If your original will specified particular persons or entities to whom you wish to give your various assets, and if those persons have passed away, you should revisit your will and make the necessary changes.
Has anyone who has a role to play under your will passed away, moved away, become incompetent, or is otherwise unfit to carry out the role in question?
In your will, trusts, or powers of attorney (health-care or financial), you have surely named several people to carry out important functions. Those functions include that of executor (Personal Representative) and alternates, or personal guardian for your minor children or manager of their property and their alternates, etc. If any of the persons named to carry out any of these roles has died, fallen gravely ill, become mentally incompetent, moved out of state, or is otherwise unwilling or unable to carry out the duties set forth in your will and related documents, it is time to redo your will.
If you have gotten married or divorced, or remarried, or entered into a civil partnership, your will should be reviewed.
If your marital status has changed, your new will should reflect that fact. Moreover, if you make a designation in your will to "my wife", or "my husband", or "my partner" without naming that person, you may unwittingly be sowing the seeds for a post-mortem (your mortem) court battle. A former spouse(s) or partner may decide to contest your will through a process called a "caveat", claiming that s/he was the wife/husband you meant.
If there are new children or grandchildren in the picture, you may or may not have to have your will re-written. The answer is, "It depends."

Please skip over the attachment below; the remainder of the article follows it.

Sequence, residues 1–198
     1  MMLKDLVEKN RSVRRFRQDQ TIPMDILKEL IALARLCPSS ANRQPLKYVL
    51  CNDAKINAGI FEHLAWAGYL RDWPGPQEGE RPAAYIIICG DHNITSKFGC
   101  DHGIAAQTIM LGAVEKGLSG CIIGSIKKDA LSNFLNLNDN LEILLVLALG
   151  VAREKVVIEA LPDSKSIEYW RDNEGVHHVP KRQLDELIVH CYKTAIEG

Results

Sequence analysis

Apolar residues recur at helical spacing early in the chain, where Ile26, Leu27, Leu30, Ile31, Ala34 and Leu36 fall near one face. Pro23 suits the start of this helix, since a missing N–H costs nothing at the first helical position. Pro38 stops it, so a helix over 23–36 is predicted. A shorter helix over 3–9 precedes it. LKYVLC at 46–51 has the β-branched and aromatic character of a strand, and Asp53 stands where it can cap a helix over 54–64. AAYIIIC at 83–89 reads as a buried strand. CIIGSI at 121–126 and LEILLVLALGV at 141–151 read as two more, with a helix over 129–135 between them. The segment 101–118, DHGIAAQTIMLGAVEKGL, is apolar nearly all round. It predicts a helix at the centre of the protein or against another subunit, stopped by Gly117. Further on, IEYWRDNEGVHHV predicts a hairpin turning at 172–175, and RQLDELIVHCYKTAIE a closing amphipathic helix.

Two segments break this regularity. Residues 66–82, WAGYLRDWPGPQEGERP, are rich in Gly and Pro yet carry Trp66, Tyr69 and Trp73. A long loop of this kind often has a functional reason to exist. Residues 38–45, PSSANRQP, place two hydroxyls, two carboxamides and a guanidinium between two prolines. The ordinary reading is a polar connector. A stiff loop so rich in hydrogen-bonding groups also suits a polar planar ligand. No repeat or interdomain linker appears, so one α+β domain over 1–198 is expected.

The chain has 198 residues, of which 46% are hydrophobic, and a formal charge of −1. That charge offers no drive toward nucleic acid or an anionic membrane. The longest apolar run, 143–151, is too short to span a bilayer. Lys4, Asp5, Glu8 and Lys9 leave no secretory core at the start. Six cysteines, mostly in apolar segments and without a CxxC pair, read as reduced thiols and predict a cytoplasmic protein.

If you have children, biological or adopted, or intend to have children, you should review your will to make sure it reflects your present wishes and will adequately protect any new arrivals.
Note that in Maryland, adopted children are considered to be the same as biological children for purposes of carrying out a testator's wishes. ("Testator" is the person writing the will.)
In the vast majority of cases, testators will wish to provide for all of their children, and for the children's children. When writing your will, it is important to think through various scenarios, and to try to provide for those who will be left behind after you pass away. If you allot a certain amount of money, or specific assets, to your children (it would be phrased "my children" in your will), what if one of your children dies before you do? If you only say "my children", then only the children living when you die will inherit under your will. If the deceased child has children, then the grandchild/ren of the deceased child will inherit nothing at all.
Per stirpes: Out of the stirrups, out of the loins.
How do you forestall this outcome? The answer is to add the rather graphic phrase "per stirpes" thus: "To my children, per stirpes", I give...." The literal translation of per stirpes is "out of the stirrups of", or "out of the loins of". The effect of using these words is to provide for the children or descendants of each of your children, regardless of whether or not all of your children are still alive after your own death.
For example, let us say that you had three children, and each of your three children has three children. Suppose, further, that when you wrote your will, all of your children and grandchildren were alive, and you bequeathed one-third of your assets "to each of my children", or stated in your will "I hereby bequeath Asset X to my children, share and share alike". If all three of your children are alive when you die, each of your children will receive one-third of Asset X. When your children die, their children -- that is, your grandchildren -- will, in turn, receive whatever their parents (that is, your children) bequeath them.
But what if one of your three children has predeceased you? Would you want the two of your three children who are still living at the time of your death to "share and share alike"? That would mean that the children of your deceased child will get nothing. Very few parents would prefer that outcome, but, unfortunately, that is what would happen if you fail to use those two vital words, "per stirpes".